by: Begley Law Group

by Thomas D. Begley, Jr., CELA


A grandparent-grandchild relationship is a special one. Perhaps because of the differences in age, or perhaps because grandparents have already raised one child or a family of children, they have a different viewpoint with respect to their grandchildren. Grandparents often have the following concerns:

  • Pocket Money. They want grandchildren to have sufficient pocket money to enjoy the little things in life.
  • College Education. They want grandchildren to receive a college education without incurring enormous student loan debt.
  • They want their grandchildren to be able to own a car.
  • They want their grandchildren to be able to buy a home.
  • They want their grandchildren to be able to start a business, if appropriate.


A number of tools are available to address these issues, these tools can be used in combination with each other.

  • Grandparents can gift each grandchild up to $15,000 per year[1] by taking advantage of the annual exclusion gifts under the Federal Gift Tax law. Gifts for college education are exempt regardless of amount as long as the payment is made directly to the educational institution. Gifts for medical care are also exempt so long as payment is directly to the provider.
  • Specific Bequest in Will or Trust. A will or trust can provide that each grandchild receive a small, but fixed amount. These amounts may be $1,000, $5,000, $10,000, $25,000, or $50,000, depending on the size of the estate of the grandparents and the number of grandchildren. Again, depending on the size of the estate, the number of grandchildren and the amount of the bequest, each grandparent can leave a specific bequest or it could be deferred until the death of the surviving grandparent.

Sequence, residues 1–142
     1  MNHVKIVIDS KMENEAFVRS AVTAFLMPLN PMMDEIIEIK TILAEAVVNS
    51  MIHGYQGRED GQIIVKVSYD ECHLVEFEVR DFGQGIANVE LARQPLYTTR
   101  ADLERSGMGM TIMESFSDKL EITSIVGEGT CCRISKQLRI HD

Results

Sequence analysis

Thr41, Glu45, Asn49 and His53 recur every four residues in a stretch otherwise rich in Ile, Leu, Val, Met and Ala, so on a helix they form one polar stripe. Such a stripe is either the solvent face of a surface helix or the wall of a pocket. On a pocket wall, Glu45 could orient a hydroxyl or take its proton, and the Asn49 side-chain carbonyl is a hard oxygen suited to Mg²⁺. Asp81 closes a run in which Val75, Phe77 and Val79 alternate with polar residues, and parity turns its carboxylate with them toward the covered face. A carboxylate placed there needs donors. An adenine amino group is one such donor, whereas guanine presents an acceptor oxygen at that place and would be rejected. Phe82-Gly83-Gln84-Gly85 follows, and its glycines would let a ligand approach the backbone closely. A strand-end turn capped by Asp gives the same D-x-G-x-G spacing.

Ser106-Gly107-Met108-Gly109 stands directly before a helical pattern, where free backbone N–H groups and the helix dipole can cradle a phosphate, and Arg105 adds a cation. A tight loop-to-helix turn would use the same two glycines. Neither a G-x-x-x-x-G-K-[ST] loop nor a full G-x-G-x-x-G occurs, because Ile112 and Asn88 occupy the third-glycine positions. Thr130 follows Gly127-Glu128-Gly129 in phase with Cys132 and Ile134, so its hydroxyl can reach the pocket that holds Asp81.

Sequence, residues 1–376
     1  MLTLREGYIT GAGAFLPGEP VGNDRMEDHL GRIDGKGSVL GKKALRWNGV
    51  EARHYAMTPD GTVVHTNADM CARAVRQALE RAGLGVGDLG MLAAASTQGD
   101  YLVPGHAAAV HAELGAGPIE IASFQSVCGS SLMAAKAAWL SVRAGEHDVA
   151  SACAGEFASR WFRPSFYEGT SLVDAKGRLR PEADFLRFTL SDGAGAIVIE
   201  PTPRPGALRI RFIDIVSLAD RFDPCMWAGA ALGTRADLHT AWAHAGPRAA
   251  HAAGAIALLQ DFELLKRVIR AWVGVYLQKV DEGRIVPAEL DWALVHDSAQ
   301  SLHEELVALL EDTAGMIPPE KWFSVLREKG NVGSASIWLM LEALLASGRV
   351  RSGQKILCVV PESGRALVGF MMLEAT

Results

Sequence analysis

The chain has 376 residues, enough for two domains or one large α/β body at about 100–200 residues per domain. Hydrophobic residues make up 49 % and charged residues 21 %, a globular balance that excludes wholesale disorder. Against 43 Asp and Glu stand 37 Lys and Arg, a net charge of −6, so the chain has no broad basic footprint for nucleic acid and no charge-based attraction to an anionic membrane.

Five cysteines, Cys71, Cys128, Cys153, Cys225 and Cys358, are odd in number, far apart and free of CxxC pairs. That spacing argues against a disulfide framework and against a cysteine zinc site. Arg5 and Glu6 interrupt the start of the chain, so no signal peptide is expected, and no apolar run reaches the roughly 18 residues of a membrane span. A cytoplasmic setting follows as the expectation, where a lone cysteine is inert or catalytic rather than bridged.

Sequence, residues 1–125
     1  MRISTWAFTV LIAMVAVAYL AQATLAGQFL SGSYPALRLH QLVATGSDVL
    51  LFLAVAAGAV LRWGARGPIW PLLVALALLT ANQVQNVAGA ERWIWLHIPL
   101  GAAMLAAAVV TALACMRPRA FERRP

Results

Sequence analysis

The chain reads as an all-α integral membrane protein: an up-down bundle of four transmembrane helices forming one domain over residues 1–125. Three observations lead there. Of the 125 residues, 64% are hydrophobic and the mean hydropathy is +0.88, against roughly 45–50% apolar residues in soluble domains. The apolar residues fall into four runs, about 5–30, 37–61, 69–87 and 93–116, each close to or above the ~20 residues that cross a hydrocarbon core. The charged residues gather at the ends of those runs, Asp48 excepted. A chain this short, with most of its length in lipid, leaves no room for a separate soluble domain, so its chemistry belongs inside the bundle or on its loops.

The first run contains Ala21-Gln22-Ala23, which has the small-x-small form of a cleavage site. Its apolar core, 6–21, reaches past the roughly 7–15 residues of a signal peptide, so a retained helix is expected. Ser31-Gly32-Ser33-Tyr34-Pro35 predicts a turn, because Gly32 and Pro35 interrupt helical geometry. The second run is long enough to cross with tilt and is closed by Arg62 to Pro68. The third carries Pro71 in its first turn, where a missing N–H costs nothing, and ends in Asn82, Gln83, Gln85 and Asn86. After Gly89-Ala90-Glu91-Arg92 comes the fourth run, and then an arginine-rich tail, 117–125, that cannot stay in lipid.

• Percentage Share of Estate. A grandparent’s will or trust can provide that the grandchildren receive a percentage share of the grandparent’s total estate. Typically this is done on the death of the survivor of the two grandparents. Often one equal share of the estate is set aside for each child and one separate equal share is divided equally among the grandchildren. Sometimes each child and grandchild receive separate equal shares. Monies can be left outright to the grandchildren if they are old enough or can be held in trust. A trustee is authorized to use the money for the grandchild’s health, education, maintenance, support, buy home or start a business. The trustee may be the grandchild’s parents. The variation is to have one trust to be divided equally among all grandchildren.